SVSU Prof is National Higher Educator of the Year

How to reduce student attrition is a topic of great interest to college administrators, but Saginaw Valley State University (SVSU) Communication Professor Dr. David Schneider is on a mission to make it the concern of every instructor and professor as well.
A longtime member and leader of MEA’s higher education branch, Michigan Association for Higher Education (MAHE), Schneider is known for his research challenging common assumptions about why students leave their colleges and universities.
“There’s an old belief that students don’t do well in school so they bail out, and that may be true,” Schneider said, “but we’re also learning that they step out for reasons other than not being able to succeed academically.”
First-year college students need to develop a sense of “attachment” to their college or university, Schneider has found – and faculty are perfectly positioned to help. The key is for students to become “activated,” both socially and academically, he says.
“Faculty can identify the pathways where that will happen.”
Entering his 34th year at SVSU, Schneider not only puts his research into practice in his own classes. He delivers his message at national conferences and encourages colleagues to better engage students in ways that strengthen their sense of belonging.
For his student-centered approach to teaching and his union leadership at the local and state level, Schneider has been named NEA’s 2019 Higher Educator of the Year, a national honor he deemed a “humbling and moving experience.”
“I’m just awestruck that my colleagues would think to nominate me, and deeply moved to be selected for the honor,” he said.

Professionals who attend Schneider’s conference presentations are challenged to rethink their practices, said Dr. Colleen Pilgrim, a MAHE board member and Schoolcraft College professor who nominated him for the award.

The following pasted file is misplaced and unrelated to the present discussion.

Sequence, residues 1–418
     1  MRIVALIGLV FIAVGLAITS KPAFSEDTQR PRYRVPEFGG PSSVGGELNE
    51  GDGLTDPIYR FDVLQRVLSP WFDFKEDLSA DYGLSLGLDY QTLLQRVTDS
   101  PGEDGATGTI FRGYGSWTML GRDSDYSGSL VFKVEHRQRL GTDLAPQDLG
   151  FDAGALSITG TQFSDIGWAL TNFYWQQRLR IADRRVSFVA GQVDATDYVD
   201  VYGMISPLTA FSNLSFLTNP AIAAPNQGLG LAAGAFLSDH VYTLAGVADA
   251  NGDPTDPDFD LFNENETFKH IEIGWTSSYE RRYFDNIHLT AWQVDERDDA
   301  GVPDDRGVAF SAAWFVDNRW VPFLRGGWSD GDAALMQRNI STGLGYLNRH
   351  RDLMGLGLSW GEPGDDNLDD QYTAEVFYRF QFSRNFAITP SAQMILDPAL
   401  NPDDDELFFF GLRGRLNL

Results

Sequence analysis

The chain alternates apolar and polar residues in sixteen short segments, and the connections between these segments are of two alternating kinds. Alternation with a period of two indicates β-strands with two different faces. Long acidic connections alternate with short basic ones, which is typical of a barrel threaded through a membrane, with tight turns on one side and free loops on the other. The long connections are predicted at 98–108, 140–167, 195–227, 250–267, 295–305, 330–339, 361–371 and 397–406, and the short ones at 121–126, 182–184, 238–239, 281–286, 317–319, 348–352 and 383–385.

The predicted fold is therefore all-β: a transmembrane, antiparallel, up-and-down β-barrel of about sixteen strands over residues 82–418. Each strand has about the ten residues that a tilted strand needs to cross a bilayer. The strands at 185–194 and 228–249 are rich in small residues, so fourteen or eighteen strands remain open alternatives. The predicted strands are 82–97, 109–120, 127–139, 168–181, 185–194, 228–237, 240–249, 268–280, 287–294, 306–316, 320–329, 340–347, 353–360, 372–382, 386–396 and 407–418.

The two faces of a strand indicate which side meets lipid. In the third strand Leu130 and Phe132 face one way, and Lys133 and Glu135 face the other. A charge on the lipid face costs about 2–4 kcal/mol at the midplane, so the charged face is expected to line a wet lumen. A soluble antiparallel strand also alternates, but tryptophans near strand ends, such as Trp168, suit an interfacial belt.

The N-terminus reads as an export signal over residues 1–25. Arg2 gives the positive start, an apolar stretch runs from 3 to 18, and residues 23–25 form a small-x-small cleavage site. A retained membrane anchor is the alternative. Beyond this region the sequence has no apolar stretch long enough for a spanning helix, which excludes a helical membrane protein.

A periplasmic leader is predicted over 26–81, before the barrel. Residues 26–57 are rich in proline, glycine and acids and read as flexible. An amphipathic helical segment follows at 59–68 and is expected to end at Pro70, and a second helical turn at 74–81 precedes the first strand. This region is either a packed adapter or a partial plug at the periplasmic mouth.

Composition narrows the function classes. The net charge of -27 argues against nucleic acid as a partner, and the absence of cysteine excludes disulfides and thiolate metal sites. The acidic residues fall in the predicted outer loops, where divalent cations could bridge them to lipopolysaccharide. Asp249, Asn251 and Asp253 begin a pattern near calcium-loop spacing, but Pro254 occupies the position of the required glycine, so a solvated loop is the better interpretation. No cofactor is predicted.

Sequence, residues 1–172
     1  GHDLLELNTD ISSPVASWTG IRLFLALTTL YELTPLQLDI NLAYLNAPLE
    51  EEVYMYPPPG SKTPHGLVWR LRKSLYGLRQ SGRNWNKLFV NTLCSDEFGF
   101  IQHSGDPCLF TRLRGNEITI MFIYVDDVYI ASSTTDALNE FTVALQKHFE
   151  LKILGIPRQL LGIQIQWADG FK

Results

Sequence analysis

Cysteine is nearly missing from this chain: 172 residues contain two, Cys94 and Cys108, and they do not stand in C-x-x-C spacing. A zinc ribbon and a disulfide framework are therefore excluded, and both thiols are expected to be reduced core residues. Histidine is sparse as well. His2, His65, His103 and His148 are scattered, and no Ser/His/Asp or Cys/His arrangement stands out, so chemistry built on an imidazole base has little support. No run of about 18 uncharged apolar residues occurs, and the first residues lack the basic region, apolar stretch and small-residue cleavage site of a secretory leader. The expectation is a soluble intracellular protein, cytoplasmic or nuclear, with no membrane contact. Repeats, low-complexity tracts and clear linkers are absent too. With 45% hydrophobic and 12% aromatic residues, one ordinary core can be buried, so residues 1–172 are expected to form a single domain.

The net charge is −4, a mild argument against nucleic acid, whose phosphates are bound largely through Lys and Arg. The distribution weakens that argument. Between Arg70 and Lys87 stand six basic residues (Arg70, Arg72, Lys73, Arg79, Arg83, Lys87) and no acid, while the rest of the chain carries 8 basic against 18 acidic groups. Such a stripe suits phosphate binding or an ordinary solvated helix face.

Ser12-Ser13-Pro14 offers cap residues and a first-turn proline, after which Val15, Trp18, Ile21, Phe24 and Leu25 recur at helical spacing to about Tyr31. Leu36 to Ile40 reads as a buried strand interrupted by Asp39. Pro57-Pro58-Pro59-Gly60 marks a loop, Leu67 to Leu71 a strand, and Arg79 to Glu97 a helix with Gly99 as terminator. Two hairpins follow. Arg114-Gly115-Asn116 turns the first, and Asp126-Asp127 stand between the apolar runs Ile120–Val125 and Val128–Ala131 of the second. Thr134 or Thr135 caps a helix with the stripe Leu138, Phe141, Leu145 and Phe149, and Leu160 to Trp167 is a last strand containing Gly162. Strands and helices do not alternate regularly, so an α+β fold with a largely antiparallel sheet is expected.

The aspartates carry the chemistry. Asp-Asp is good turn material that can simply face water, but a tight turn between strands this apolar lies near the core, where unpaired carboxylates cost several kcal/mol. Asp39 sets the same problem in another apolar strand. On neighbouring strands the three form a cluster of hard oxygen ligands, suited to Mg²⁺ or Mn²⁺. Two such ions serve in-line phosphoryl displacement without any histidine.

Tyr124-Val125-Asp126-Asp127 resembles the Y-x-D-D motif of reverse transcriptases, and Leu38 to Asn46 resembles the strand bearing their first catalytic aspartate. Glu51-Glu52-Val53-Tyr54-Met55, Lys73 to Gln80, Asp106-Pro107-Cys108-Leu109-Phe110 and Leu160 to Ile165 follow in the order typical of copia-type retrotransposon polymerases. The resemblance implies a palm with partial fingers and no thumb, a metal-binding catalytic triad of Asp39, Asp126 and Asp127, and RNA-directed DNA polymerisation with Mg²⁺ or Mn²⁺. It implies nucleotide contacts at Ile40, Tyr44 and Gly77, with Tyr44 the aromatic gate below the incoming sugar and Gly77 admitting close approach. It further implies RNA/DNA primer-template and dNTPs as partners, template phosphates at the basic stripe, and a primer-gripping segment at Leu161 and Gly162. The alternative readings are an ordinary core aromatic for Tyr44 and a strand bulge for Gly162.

As a developmental psychologist, Pilgrim well understands the importance of early childhood attachment – emotional bonding with others – as a predictor of success later in life. But Schneider’s work extends the theory to the college experience.
“I think he really is onto a key aspect that we should not overlook with our students in higher ed,” she said. “Parents often worry about whether their child has picked a major when really they ought to be more worried about how they feel about the school they are in.”
As many as 50 percent of students at comprehensive universities like SVSU will not earn a certificate or degree within six years, research shows. The problem is not always academic preparation, according to Schneider’s research.
One of the ways that Schneider helps SVSU students feel more closely bonded to their school is by connecting them to other students and to social groups on campus.
That could mean introducing new students interested in a particular major to other students who are attached to the major in some organized way. “Now they’re making friends in college who are interested in the same professional track.”